When Gosnell resumed the trip at sunrise in clear weather, the wind was under 25 miles per hour. As he drove along, it was not noticeable and the only forecast which he heard over the truck radio was one of snow in Montana. At Buffalo there was less wind, and it subsided as he continued north on U. S. Highway No. 87.

At the top of a hill about 12 miles from Buffalo, Gosnell hurriedly stopped and parked the equipment when he sighted grass and dust in agitation. Fearing a blow which would take both truck and trailer, he alighted and unhooked the pin of the safety chains; but time was too short for him to disengage the hitch. He then crossed the road and crawled down in the ditch on the west side.

One gust lifted the equipment completely from the ground with a twist which broke the hitch. Another gust swept the trailer over an embankment and through a right-of-way fence. The chassis fell near the embankment, but pieces of the body flew a quarter of a mile. Estimating the velocity of the strongest gust at more than 100 miles per hour, Gosnell thought that releasing the safety chains had saved his truck from damage. After the accident the wind lessened, but it blew strong for an hour.

James C. Ward, a Wyoming Highway Patrol officer in the district since 1952, corroborated some of Gosnell's testimony. During this period the wind damaged only three trailers, and the threat caused him to close the highway to traffic less than twice a year.

Ward's first knowledge of unusual weather on November 20, 1962 was gained from the accident report to him at Buffalo. En route to the scene he first noticed windiness 3 miles from his destination; but farther on the condition was worseso much so that danger to his automobile crossed his mind when he arrived 45 minutes after the accident. He described the aftermath, attributing the loss to the storm.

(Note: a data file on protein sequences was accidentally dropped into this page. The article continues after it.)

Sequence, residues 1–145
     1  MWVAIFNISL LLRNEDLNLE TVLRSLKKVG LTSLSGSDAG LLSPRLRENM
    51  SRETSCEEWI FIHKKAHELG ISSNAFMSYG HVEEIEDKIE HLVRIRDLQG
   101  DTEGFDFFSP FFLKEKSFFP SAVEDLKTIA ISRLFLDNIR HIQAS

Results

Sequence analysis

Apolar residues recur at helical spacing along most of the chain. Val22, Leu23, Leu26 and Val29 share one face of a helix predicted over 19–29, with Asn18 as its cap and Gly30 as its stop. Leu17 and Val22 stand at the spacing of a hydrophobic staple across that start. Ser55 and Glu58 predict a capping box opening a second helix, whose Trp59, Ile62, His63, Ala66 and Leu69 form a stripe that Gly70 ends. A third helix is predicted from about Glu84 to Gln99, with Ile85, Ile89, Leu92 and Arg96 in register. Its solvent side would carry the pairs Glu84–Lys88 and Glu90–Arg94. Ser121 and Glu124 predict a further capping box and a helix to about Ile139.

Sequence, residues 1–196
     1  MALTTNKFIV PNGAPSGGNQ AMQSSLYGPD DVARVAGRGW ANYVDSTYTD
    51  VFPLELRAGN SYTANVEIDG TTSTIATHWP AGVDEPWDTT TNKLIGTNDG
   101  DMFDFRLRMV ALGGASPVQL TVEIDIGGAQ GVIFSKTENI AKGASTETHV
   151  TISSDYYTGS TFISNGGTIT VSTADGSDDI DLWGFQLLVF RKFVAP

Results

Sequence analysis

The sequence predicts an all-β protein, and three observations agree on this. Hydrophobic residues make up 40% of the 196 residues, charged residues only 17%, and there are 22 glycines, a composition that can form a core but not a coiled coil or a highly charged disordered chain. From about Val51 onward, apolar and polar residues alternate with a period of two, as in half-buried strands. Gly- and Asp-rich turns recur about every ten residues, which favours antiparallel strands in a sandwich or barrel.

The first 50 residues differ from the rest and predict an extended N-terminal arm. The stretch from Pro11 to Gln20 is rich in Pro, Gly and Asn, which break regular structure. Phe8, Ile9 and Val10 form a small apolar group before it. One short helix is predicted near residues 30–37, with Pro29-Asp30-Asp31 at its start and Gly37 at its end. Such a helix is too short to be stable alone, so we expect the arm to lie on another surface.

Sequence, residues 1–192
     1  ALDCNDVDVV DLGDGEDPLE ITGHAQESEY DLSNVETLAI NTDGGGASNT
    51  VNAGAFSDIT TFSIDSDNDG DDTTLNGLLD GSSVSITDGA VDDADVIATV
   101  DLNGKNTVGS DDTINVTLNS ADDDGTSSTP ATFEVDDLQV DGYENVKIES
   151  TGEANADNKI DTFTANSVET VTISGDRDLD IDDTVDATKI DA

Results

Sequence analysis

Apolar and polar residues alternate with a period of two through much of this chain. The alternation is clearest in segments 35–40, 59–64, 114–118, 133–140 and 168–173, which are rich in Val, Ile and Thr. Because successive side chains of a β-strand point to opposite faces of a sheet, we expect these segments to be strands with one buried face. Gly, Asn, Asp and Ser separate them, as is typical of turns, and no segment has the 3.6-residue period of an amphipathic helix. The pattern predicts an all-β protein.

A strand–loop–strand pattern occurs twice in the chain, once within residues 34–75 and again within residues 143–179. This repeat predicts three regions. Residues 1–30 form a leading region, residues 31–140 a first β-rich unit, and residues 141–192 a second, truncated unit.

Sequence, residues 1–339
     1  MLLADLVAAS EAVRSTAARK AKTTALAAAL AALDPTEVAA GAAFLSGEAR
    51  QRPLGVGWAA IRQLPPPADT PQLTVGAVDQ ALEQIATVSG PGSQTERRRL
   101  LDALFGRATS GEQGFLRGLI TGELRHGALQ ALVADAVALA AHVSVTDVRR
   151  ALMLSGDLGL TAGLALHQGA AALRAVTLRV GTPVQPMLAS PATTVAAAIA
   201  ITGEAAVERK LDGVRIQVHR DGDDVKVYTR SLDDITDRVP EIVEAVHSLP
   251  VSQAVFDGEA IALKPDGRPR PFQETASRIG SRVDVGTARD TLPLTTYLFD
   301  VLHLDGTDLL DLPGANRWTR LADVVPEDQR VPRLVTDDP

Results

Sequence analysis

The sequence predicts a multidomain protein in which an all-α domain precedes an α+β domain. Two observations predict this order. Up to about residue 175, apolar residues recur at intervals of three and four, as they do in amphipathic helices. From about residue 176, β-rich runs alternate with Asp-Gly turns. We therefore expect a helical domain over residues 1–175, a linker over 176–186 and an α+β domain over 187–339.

Data was obtained from two United States weather stations 158 miles apart, one at Casper and the other 2.5 miles south of the Sheridan post office. On November 20, 1962, at 5 a. m. strong winds generally were expected because of a high-low-pressure system. In its forecast at 6:15 a. m., Sheridan used the word "windy," but it omitted any warning of severe gales. Its hourly velocity readings in miles per hour between 5:57 and 9:56 a. m. indicated winds from 28 to 46 with gusts from 35 to 57. The peak for 1963 was 66, and a record 84 was set in November 1949. Readings at Casper between 3:55 and 8:55 a. m. showed winds from 21 to 37 with gusts from 35 to 47.

The wind was probably a "chinook" blowing down the eastern slope of the Big Horn Mountains. Such winds, which are commonly known locally, vary from place to place on account of the exposures.